The lesson to be learned from this story? Be very very careful with your iPhone. If you damage it in any way, no matter how minor, you might find yourself paying full price to 'fix' it.


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I recently took up weight lifting again. I have a job coming up where I'll be standing next to attractive thin women, and in my current condition, I would look very large in comparison, so it's the gym for me. I also began running again just over a month ago, barefoot of course ;-)

So yesterday, I packed my sports bag, including the usual things; clothes, shoes, headphones, gloves, etc; and left home. I spent a few hours in a local karaoke first doing song research, and then around 4pm headed off to the gym.

Frog in shoe

At the gym, it wasn't until I was preparing to put my gym shoes on that I realised I had inadvertently brought a guest along with me. There in my right shoe was a frog, and not a small one either! In Australia, they're called toads. Over here in Hong Kong, they're usually referred to as frogs. In Australia, they're a troublesome non-native immigrant pest. Here, they're native and harmless.

I couldn't leave him in the gym; he'd eventually end up dead somewhere; so I carefully lifted him out of the shoe and placed him in my locker. After my workout, I picked him up again, put him back in my shoe (he probably peed in there but oh well...) and took him back home, which incidentally is also his home, and set him free again.

In our previous home, we had the occasional wild visitor. We had the occasional monkey, one or two snakes who fortunately remained outside, and we had several centipedes come inside. Since the centipedes can deliver a very nasty sting, I would pick them up, usually with bbq prongs, and move them back outside again. We never had frogs though.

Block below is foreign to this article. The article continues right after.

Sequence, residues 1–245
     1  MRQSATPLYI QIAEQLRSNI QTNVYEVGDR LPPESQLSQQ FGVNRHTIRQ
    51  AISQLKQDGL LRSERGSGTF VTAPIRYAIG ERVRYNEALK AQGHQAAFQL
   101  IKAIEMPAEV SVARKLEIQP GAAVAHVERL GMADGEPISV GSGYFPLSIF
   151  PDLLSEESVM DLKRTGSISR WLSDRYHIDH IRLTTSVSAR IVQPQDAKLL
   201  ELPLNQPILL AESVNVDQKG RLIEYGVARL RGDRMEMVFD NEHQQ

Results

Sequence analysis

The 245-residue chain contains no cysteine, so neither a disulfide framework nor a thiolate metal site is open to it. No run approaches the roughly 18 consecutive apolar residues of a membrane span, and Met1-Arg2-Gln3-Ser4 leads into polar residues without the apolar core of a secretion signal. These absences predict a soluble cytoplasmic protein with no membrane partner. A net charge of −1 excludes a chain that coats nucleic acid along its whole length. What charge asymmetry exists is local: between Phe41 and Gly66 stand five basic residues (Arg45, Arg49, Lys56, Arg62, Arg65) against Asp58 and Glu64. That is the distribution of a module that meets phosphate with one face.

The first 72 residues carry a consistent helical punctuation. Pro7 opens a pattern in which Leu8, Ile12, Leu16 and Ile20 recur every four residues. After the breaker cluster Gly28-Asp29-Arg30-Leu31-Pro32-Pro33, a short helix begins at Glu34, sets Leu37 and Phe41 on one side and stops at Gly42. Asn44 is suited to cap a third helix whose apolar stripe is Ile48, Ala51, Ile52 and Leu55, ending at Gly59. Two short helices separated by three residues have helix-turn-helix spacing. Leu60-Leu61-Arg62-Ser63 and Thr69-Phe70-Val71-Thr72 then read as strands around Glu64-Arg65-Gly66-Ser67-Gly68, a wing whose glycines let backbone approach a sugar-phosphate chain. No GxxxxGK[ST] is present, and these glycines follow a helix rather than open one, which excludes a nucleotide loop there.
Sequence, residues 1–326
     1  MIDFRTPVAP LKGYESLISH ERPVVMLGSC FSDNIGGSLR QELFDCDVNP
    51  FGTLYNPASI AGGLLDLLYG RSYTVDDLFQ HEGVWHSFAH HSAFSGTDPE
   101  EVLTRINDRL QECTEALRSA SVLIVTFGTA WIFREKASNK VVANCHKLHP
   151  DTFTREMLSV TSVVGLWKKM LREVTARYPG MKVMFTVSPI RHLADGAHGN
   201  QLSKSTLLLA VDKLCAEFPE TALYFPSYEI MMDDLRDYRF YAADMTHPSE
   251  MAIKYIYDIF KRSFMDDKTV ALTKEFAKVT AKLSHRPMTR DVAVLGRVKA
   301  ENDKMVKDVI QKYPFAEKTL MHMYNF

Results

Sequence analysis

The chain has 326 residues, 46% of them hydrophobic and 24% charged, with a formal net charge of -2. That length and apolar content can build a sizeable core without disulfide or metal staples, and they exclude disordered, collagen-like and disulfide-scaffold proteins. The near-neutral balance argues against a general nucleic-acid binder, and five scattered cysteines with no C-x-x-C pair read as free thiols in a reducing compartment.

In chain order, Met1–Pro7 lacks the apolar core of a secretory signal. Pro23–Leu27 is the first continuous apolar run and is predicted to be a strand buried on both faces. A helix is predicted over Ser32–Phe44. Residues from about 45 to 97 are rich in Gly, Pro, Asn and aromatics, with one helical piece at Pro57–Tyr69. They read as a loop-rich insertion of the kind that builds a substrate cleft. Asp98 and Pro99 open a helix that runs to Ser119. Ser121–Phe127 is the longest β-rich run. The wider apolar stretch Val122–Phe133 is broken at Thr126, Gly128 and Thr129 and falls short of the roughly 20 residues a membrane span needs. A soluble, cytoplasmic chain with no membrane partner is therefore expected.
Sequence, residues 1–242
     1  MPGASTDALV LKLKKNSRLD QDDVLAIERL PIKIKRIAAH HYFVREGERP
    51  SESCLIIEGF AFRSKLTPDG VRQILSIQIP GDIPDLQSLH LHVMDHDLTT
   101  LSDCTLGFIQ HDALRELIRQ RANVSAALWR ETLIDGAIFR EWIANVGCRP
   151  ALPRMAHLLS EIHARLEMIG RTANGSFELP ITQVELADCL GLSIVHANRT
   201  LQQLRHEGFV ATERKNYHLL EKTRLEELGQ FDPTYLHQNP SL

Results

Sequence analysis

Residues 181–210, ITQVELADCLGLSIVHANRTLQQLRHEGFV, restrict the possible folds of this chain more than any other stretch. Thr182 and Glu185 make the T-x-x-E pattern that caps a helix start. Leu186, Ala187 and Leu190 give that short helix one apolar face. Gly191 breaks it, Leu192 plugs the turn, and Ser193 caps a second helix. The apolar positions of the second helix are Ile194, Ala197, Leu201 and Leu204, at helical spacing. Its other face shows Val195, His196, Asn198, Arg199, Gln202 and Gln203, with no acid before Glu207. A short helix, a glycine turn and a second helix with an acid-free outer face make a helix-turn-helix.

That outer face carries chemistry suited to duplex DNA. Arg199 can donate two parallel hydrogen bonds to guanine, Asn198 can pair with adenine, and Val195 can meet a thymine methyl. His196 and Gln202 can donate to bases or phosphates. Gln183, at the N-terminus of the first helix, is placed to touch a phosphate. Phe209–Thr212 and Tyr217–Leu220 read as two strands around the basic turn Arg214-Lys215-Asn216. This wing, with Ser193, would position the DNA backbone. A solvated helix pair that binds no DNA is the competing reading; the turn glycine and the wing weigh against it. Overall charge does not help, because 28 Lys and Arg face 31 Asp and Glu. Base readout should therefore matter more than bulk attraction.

Centipede Centipede Centipede

Our current home has quite a few froggy visitors. I don't mind the frogs, but they can attract other visitors, in particular snakes looking for a tasty meal. On one occasion, I discovered a 4' snake on our porch. When I carefully pulled various objects back to see him more clearly, I discovered that he had one frog in his mouth half swallowed while eyeing another frog just in front of him. When the snake saw me, he slivered off very quickly leaving one very relieved frog behind him. I don't mind snakes either, but ever since that encounter, I've made a point to move all frogs found within the house or on the porch back to the neighbouring scrub area. Our kids don't really know their way around snakes, and I wouldn't want to see one of them get fatally bitten.